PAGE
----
Nibley-based bedding company Malouf and Operation Underground Railroad have worked together to address the worldwide problem of human trafficking before — now the two entities are ramping up their efforts in some new ways.
Malouf has already provided bedding for aftercare centers of O.U.R., a California-based organization that rescues children all over the world who are victims of human trafficking, the company said in a news release. Soon, the company plans to emphasize collaborative human trafficking efforts when they launch a new product.
“It’s a great position to be in where we’ve got a lot of primary care products, like bedding that people in disasters or unfortunate situations need,” said Sam Malouf, the company’s CEO. “I think all of us were very touched and motivated by the cause of saving kids out of these terrible situations.”
Jessica Mass, director of aftercare for O.U.R., said Malouf has provided its mattresses in Uganda, Mexico and Thailand since she started working with the nonprofit three years ago. Last week, she said, Malouf provided new pillowcases, sheets and mattresses for an entire home in Latin America.
Meanwhile, O.U.R. has rescued 745 victims of human trafficking and assisted in 365 arrests of perpetrators of trafficking over the last three years, according to its website.
“We do collaborate with a lot of different companies and nonprofits. However, our partnership with Malouf is very unique,” she said. “Malouf has gone above and beyond with helping with the actual needs of the survivors.”
As an example, Mass explained how CEO Sam Malouf and others with the Nibley company were willing to use mattresses in the country they were helping rather than ship their own products from overseas.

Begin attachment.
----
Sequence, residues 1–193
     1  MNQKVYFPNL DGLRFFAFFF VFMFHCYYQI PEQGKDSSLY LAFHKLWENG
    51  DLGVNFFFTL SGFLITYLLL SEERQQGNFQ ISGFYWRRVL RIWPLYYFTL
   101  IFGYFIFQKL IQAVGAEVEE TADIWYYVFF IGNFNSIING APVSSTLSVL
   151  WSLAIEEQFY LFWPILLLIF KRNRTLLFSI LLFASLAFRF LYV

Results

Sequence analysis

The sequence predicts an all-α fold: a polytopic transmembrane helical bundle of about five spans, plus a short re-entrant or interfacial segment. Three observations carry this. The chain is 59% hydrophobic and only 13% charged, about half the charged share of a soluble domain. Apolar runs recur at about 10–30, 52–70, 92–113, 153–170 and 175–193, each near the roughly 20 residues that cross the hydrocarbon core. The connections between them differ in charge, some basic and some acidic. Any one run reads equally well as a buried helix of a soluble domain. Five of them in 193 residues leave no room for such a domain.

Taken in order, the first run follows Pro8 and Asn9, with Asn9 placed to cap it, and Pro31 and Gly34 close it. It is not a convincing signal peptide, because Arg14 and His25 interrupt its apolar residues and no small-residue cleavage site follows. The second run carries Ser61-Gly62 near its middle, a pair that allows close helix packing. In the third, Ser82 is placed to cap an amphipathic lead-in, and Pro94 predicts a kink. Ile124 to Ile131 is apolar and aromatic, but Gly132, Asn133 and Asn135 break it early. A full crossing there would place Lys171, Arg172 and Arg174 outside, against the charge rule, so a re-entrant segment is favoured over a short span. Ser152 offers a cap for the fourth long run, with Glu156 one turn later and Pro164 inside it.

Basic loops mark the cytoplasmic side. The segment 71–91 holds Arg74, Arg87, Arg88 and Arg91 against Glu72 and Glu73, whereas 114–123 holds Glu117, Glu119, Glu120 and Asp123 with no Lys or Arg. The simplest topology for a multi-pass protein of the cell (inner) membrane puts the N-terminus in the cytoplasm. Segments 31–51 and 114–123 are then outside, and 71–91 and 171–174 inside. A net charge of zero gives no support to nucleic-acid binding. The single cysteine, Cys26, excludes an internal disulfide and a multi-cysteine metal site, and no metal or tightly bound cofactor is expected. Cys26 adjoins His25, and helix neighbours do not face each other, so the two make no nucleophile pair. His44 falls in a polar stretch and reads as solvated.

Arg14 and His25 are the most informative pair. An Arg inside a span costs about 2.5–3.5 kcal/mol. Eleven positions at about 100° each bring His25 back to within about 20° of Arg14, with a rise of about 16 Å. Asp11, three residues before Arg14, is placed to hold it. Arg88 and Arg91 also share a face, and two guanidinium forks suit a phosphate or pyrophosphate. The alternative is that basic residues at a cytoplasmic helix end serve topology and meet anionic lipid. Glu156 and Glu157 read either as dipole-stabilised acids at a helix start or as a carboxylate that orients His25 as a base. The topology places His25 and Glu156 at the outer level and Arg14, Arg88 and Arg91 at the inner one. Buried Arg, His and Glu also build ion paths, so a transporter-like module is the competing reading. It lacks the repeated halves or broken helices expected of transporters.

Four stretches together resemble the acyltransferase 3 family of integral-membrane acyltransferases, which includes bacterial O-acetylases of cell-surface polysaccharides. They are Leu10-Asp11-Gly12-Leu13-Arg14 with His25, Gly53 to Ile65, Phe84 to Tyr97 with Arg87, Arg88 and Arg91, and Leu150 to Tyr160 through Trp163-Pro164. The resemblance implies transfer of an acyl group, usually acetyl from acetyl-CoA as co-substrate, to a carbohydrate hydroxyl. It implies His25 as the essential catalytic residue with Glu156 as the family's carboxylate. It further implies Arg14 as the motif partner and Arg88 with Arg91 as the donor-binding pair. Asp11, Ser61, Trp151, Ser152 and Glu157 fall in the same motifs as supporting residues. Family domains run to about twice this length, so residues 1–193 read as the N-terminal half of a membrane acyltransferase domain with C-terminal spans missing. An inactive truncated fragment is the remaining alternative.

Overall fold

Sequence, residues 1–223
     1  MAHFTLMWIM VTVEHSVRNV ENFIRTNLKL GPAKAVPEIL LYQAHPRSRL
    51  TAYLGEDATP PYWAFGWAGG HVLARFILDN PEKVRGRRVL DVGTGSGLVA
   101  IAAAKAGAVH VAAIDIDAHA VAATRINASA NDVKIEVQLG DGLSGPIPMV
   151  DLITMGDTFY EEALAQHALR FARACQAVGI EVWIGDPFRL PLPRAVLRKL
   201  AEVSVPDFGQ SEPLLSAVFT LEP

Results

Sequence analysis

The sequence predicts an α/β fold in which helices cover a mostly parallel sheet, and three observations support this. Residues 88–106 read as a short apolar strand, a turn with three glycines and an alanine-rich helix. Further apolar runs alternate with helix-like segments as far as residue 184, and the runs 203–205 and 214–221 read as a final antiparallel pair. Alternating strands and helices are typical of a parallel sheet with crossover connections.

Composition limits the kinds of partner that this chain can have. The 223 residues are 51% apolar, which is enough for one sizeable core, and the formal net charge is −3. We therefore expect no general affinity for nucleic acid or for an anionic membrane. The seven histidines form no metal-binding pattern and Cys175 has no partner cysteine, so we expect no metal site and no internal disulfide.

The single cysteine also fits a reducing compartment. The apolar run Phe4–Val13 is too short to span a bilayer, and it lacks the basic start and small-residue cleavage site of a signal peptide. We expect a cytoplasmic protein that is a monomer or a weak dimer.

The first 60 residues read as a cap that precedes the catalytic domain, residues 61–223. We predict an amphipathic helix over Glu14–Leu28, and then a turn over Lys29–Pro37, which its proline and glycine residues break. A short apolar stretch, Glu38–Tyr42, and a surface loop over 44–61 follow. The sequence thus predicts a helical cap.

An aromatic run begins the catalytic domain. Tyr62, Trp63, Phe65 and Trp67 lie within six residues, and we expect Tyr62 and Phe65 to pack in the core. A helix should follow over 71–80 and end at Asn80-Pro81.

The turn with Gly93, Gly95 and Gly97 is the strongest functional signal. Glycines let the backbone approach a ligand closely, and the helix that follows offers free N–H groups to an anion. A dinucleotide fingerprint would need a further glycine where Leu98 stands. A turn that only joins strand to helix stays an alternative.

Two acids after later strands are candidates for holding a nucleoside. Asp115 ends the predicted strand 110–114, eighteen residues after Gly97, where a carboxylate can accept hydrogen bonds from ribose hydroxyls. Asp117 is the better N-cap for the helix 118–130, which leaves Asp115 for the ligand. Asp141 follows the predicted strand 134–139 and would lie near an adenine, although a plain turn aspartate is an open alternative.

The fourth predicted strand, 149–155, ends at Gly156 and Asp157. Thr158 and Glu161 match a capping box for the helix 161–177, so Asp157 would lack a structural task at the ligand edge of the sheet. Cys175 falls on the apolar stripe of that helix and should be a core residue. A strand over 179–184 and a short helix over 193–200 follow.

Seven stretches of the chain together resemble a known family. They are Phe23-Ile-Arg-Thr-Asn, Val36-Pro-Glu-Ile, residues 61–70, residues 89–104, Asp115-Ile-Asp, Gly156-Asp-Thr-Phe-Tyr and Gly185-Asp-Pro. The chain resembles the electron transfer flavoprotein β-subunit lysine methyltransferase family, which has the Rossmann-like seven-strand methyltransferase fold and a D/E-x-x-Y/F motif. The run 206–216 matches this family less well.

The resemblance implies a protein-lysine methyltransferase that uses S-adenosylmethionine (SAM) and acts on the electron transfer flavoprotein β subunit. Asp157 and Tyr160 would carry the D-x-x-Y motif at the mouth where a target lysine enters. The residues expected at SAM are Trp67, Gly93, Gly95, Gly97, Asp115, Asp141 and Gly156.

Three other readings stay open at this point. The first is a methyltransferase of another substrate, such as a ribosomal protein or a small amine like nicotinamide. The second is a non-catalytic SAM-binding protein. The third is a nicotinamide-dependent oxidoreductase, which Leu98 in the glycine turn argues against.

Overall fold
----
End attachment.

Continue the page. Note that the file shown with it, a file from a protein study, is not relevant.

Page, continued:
Mass remembers people associated with Malouf saying that they want to do whatever’s best for the local economy, and, more importantly, whatever’s best for the girls.
New collaboration opportunities
Malouf is set to release a new “active dough” pillow Jan. 28. For each sale of the new pillow, the Malouf company will put $5 into the Malouf Foundation. Sam Malouf said he hopes the money made from the pillows will go toward funding law enforcement resources and other things meant to combat human trafficking.
An industry event in Las Vegas will follow the pillow product rollout. At the event, O.U.R. and Malouf will announce new ways the industry can get involved to combat human trafficking.
“We’ll have several thousand of our contacts there,” Malouf said. “It’s meant to be kind of a bedding industry cause that we’re trying to push and get everyone behind us.”
Mass said the event, with a keynote address by O.U.R. CEO Tim Ballard, will provide education for “so many people who have never been introduced to human trafficking.”
Las Vegas is a fitting backdrop for the event, Mass said, since the city has a “huge human trafficking problem.” The conference will be about “education, prevention and raising more funds to support survivors of human trafficking,” he added.
Malouf said human trafficking is an issue his entire company and industry partners can get behind.
“I think sexual crimes against children is probably the worst crime that you could commit,” Malouf said. “A lot of people are in on it, a lot of people in high places are aware it’s happening but aren’t doing a lot about it. I think it’s the type of cause where we feel like … building awareness will create a snowball effect of people being able to change some of the terrible things happening.”
Worldwide, there are nearly 21 million victims of human trafficking, a $150 billion industry which involves enslaving people typically to obtain some form of labor or sex, according to the U.S. Institute Against Human Trafficking.